Breaking down The Associated Press college football poll after Week 6 of the regular season.
This will provide little relief to coach Steve Sarkisian and Washington, which lost a heartbreaker to Stanford on Saturday night, but no team left a better impression this weekend than the Huskies.
Washington lost 31-28 on the road and dropped only one spot to No. 16 in The Associated Press college football poll Sunday.
The Huskies outgained the Cardinal offensively by 205 yards, and looked every bit the equal of the No. 5 team in the country. A video review of a fourth-down pass by Washington, reversed to incomplete after being ruled a catch, essentially ended the Huskies' upset bid. It was a close call.
That result, along with Ohio State's come-from-behind 40-30 victory at Northwestern, helped the top five teams in the Top 25 hold their places for a fourth straight week.
Alabama is No. 1, followed by Oregon, Clemson, Ohio State and Stanford. The Tide received 55 first-place votes and Oregon got the rest.
What Washington got was to show anybody who decided to stay up late that this is not a team destined for a fourth straight 7-6 season under Sarkisian.
The rebuilding, and there was plenty to do when Sarkisian took over in 2009, finally has produced a team that looks capable of being a legitimate threat to Stanford and Oregon in the Pac-12 North.
Of course, Washington (4-1, 1-1) beat Stanford last season in Seattle. Why is this different? Last year's Huskies had already gotten crushed at LSU when they upset the Cardinal. In that game, the Huskies got manhandled up front by Stanford's defensive line, quarterback Keith Price took a beating and played tentatively. Stanford, however, was just dysfunctional enough offensively to allow UW to sneak away with a 17-13 win. It felt more like Stanford lost than the Huskies had won.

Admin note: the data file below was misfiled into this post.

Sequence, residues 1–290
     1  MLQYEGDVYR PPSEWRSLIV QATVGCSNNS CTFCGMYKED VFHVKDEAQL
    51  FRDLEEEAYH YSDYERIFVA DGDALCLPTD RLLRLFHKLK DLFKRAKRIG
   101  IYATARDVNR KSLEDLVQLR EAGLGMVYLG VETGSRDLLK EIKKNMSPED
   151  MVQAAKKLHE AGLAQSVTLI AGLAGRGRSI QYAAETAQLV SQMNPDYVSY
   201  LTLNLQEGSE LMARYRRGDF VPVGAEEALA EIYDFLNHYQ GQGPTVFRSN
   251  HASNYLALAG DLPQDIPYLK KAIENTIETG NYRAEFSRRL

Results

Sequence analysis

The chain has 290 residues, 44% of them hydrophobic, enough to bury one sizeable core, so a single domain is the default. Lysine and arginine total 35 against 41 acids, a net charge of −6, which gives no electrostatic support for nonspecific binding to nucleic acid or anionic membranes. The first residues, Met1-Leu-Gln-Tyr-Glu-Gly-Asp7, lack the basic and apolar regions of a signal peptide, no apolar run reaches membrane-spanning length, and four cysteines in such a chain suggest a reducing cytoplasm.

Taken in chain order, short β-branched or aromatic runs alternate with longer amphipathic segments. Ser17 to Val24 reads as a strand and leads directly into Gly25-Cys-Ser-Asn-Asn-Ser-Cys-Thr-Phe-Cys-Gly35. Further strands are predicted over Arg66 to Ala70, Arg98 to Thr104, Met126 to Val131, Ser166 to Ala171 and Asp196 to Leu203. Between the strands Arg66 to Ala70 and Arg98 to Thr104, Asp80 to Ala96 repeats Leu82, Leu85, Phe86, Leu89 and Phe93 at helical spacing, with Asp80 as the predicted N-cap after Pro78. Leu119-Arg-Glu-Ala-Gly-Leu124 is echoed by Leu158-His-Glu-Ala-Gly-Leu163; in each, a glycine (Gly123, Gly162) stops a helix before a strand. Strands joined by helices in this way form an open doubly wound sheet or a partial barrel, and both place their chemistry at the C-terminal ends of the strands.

The next week Washington was hammered 52-21 at Oregon.
The Ducks come to Seattle on Saturday for another huge game and another chance for UW to make a statement with a victory. Oregon will be greeted by a confident Price, playing behind a much improved line and with an array of talented playmakers at his disposal. Defensively, the Huskies are fast and sure-tacklers, masterfully coached by coordinator Justin Wilcox.
"I think the thing that we proved to ourselves is we can beat anybody in the country," Sarkisian said Saturday night.
The Huskies haven't reached eight wins in a season since 2001 and haven't earned a BCS bid since 2000. It's been more than 20 years since they were the perennial class of the conference, winning a share of the national title in 1991 under coach Don James.